U.S. Supreme Court ducks Yahoo-France dispute

The U.S. Supreme Court on Tuesday chose not to intervene in a long-simmering dispute about whether a French censorship order can apply to Yahoo's U.S.-based Web site.

The justices, without comment, denied a request by French activist organizations to address the topic. (PDF)

In January, the 9th U.S. Circuit Court of Appeals dismissed Yahoo's case involving the online display of Nazi-related books, posts and memorabilia on grounds that it was premature to offer a definitive ruling.

Yahoo filed the suit in December 2000 in an effort to clear up whether a U.S. company was required to rework its Web site to comply with a French court order. In April of that year, the Paris-based International League against Racism and Anti-Semitism (LICRA) took the Web portal to court to stop sales of Nazi paraphernalia to French citizens on its auction site. French law prohibits the sale or exhibition of objects associated with racism.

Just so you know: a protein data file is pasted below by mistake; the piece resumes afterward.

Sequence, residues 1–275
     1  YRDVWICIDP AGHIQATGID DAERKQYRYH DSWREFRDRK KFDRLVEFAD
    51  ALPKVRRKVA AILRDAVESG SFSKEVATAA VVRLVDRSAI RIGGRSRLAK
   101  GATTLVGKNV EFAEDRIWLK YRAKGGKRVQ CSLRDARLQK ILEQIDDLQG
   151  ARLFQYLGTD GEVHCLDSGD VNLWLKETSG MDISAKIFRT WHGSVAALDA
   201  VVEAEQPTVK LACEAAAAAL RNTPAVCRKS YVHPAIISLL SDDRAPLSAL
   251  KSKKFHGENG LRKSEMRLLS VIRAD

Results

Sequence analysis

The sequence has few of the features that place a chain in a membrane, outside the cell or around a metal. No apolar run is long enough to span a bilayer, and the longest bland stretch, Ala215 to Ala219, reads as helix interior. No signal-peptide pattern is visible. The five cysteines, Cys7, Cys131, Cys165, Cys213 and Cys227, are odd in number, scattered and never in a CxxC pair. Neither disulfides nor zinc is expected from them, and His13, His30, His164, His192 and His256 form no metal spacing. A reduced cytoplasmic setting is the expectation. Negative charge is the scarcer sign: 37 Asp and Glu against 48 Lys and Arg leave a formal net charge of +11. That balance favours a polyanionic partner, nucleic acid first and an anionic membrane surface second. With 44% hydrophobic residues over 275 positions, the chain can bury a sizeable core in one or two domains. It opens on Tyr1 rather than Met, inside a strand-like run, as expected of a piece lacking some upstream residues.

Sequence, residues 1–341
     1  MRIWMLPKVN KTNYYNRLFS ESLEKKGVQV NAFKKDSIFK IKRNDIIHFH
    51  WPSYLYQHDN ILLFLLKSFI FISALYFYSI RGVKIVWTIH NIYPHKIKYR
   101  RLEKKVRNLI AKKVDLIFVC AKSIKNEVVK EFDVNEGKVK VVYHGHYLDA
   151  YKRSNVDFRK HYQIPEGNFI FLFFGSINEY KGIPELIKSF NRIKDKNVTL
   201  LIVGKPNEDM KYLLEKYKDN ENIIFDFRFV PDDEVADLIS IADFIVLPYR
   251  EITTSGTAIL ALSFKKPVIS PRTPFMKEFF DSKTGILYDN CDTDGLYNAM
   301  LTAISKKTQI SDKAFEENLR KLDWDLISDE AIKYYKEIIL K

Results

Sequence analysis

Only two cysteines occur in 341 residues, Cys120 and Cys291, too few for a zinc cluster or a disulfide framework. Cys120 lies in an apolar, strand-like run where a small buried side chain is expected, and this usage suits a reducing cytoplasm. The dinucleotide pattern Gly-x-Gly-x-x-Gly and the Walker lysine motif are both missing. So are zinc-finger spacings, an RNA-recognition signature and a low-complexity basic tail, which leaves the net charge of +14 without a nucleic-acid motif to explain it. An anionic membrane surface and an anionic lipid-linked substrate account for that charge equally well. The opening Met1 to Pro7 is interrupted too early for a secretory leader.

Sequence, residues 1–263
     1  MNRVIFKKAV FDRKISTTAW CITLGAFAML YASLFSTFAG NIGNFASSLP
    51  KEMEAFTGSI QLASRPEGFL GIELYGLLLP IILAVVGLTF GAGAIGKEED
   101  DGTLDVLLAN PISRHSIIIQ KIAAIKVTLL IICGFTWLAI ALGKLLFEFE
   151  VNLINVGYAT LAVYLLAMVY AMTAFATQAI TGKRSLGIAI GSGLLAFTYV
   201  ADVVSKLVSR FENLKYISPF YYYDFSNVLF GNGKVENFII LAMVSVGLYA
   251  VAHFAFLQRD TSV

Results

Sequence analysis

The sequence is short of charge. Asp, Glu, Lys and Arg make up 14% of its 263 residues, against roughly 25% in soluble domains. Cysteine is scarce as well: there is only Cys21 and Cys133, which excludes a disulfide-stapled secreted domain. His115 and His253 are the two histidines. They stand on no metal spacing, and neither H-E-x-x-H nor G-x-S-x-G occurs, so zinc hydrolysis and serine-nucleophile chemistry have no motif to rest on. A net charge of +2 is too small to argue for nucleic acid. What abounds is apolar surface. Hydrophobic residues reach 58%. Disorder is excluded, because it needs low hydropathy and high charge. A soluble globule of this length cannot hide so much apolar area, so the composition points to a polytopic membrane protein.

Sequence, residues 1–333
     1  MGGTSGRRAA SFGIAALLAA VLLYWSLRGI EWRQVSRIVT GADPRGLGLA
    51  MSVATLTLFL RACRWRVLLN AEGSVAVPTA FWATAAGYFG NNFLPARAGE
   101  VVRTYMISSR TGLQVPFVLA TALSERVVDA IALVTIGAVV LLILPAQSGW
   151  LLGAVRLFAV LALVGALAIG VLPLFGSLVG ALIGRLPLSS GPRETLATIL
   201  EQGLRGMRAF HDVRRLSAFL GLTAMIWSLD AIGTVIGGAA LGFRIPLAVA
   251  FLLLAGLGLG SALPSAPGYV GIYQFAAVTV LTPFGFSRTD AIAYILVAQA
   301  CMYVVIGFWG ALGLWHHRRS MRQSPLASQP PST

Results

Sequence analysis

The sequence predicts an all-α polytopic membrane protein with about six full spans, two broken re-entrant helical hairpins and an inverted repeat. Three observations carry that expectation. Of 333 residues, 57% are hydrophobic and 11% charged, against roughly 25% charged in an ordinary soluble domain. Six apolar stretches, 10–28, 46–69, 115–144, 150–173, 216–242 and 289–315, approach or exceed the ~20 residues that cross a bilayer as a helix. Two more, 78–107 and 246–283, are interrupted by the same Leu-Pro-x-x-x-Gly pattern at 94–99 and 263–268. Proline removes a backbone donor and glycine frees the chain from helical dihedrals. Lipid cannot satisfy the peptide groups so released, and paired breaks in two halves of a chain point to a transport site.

A French court agreed with LICRA. It required Yahoo to make it "impossible" for French citizens to connect to a Yahoo Web site with messages relating to Nazi objects, or ones that displayed excerpts from Adolf Hitler's "Mein Kampf" and "The Protocols of the Elders of Zion," or messages that contested Nazi crimes.

The French groups had requested the Supreme Court to hear the case. The number is 05-1302.

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About the author

Declan McCullagh is the chief political correspondent for CNET. You can e-mail him or follow him on Twitter as declanm. Declan previously was a reporter for Time and the Washington bureau chief for Wired and wrote the Taking Liberties section and Other People's Money column for CBS News' Web site.

 

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